This article is for people who want to control their PC and author text using their voice with Windows. This article is part of the Accessibility support for Windows content set where you can find more information on Windows accessibility features. For general help, visit Microsoft Support home.

This article helps you to get familiar with the user interface, settings, and modes of voice access. You will also learn how to open the voice access guide. For a list of voice access commands, go to Voice access command list.

Voice access is a new feature in Windows 11 that enables everyone, including people with mobility disabilities, to control their PC and author text using only their voice and without an internet connection. For example, you can open and switch between apps, browse the web, and read and author email using your voice. For more information, refer to Use voice access to control your PC & author text with voice.

Voice access is available in Windows 11, version 22H2 and later. For more information on Windows 11 22H2 new features, and how to get the update, see What's new in recent Windows updates. Not sure which version of Windows you have? See: Find Windows version.

 In this topic

Voice access guide

The voice access guide helps you learn and practice basic voice access commands that you need to get started with voice access. Each page in the guide shows various instructions on the left and a practice area on the right. You can follow the instructions on the left to learn the voice commands to interact with different menus and options, use the mouse pointer, and dictate text.  

Once you finish setting up voice access, we recommend you start the guide and familiarize yourself with the commands. You can always access the guide at a later point by accessing it from the voice access help menu.  

Voice access guide window shows the Work with menus and options page. The left side contains steps and instructions for working with the practice area on the right side.

  1. To quickly open the voice access guide, do one of the following:

    • After setting up your microphone, you can either start using voice access right away or open the guide first. For more information, refer to Set up voice access.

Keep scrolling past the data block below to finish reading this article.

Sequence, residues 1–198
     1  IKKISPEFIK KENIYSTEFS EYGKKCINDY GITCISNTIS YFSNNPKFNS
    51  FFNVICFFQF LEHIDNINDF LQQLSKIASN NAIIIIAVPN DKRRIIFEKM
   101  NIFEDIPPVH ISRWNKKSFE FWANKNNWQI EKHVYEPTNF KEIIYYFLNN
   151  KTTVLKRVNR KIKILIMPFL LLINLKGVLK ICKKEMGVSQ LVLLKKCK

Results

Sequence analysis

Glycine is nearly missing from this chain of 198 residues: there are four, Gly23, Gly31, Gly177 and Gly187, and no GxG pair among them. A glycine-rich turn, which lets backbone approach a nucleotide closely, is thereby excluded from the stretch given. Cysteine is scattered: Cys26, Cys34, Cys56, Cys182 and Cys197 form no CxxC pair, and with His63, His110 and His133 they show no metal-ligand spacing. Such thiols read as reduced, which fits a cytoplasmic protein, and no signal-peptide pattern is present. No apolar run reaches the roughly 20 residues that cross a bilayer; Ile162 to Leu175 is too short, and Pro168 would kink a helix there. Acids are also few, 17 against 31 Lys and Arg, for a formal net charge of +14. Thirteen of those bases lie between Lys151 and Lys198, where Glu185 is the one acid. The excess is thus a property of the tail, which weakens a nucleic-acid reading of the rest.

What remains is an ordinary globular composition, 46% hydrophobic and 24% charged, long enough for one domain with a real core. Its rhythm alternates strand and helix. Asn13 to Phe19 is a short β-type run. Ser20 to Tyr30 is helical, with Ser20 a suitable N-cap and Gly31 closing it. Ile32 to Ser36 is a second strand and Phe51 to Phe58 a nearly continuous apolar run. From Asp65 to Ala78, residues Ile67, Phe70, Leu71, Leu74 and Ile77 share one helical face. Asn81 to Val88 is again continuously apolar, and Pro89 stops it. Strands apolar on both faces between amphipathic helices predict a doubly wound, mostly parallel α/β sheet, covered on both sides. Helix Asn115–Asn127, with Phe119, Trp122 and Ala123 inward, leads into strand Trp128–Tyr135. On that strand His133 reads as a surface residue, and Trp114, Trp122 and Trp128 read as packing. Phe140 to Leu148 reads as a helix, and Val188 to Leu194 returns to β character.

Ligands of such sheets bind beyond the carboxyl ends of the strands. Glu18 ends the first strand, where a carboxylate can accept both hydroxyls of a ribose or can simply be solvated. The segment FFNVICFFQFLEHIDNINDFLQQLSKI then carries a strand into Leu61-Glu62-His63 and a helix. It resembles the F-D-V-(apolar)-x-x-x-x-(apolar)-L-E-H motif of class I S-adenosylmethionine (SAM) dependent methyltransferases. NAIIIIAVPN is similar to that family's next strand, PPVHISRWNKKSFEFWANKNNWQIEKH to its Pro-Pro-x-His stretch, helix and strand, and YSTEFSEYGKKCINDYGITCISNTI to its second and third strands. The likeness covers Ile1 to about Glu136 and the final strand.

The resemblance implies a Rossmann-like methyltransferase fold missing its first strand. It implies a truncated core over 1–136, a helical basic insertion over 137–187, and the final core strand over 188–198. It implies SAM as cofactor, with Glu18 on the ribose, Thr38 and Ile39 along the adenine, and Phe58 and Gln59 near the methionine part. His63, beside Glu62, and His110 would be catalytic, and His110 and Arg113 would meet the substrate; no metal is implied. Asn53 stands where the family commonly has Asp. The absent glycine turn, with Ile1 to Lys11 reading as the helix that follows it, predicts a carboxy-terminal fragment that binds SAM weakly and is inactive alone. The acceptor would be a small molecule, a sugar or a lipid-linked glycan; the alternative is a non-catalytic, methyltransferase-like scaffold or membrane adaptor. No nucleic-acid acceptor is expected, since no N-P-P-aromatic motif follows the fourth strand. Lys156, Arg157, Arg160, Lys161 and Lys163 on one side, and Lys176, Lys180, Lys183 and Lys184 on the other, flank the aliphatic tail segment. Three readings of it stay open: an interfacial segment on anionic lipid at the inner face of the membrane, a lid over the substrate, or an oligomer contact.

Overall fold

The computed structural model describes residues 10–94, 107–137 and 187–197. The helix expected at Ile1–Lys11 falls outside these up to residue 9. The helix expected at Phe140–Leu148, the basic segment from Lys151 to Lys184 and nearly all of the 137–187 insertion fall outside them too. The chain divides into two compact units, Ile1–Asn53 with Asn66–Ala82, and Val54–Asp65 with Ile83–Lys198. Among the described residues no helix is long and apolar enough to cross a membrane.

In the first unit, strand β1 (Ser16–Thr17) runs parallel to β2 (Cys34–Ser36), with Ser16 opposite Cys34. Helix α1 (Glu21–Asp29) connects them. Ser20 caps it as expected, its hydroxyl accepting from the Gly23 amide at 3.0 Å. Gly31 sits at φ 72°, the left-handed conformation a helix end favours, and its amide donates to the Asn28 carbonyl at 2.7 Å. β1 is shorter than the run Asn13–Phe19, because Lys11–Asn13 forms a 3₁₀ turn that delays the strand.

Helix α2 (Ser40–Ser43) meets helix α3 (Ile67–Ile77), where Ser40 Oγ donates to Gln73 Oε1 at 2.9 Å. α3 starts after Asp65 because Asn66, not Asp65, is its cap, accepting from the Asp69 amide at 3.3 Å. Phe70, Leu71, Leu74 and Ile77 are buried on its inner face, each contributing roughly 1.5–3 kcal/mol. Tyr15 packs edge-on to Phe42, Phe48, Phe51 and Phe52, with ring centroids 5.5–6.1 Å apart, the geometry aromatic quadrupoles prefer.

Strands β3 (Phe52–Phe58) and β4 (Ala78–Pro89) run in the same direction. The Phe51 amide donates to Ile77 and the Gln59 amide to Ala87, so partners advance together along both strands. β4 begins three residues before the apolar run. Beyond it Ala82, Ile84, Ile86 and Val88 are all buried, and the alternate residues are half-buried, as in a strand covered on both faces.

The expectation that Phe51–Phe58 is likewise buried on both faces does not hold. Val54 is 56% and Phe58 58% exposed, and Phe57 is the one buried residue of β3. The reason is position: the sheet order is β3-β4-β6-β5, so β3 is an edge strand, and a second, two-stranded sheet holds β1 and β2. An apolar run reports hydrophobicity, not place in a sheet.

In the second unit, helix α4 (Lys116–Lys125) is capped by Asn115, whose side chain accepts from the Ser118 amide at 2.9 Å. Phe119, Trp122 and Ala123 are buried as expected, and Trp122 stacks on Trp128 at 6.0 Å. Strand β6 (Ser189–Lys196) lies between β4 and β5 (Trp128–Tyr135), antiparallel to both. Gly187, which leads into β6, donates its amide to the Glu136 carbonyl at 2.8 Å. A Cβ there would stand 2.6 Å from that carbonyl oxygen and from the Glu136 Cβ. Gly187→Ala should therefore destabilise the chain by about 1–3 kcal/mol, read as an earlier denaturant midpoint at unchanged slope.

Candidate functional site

• Select the Help button on the voice access UI, and then select Start interactive guide.

    • When voice access is listening, say "Open voice access guide."

Get to know the voice access UI

The voice access UI is the bar that is docked on top of your screen after you successfully launch voice access. The bar lets you control the microphone, view your commands as you speak them, and be informed of the command progress and execution status. You can also access the different voice access settings from the settings menu, and access the different help resources voice access has to offer from the help menu.

The voice access UI is a horizontal bar on top of the screen. It is currently in listening state.

This section describes the control buttons of the voice access UI.

Microphone button and states

Voice access has three microphone states:

  • Sleep state: Voice access does not react to anything you say, except the command to switch it into listening state. To switch into listening state, say the voice access wake word, "Voice access wake up," or click the Microphone button.
    The voice access UI shows the microphone in “sleep state” with the microphone button not highlighted.

  • Listening state: Voice access listens to everything you say and executes your instructions if it recognizes a valid command. Otherwise, it displays an error message.
    The voice access UI shows the microphone in “Listening…” state, with the microphone button highlighted.

  • Microphone off state: Voice access is completely off at this point and does not listen to any of your speech. To switch it into listening state, you have to click the Microphone button.
    The voice access UI shows “microphone off” status, with the microphone button crossed out to highlight this.

There are three ways you can switch between the states:

  • Through voice commands

  • Keyboard shortcuts

  • Through mouse clicks

To do this

Say this

Keyboard shortcut

Mouse clicks (on the microphone button)

Wake up voice access.

"Voice access wake up"

"Unmute"

Alt+Shift+B

From sleep state: left-click

From microphone off state: long press

Make voice access sleep.

"Voice access sleep"

"Mute"

Alt+Shift+B

From listening state: left-click

Turn off the microphone.

“Turn off microphone”

Alt+Shift+C

From listening state: long press

Turn on the microphone.

N/A

Alt+Shift+C

Left-click

Note: If you need help setting up and testing your microphone, refer to How to set up and test microphones in Windows.

Visual feedback

Voice access has robust feedback systems to help you understand what happens from the time you speak something until the time voice access processes and executes it.

  • Real-time feedback: When voice access is in the listening state, what you speak is displayed on the left side of the voice access UI. It is a transcription of your speech to text. Refer to this to know what voice access heard.

Voice access UI is in listening state, showing "open edge" as the real-time feedback and “opening….” as the command execution status.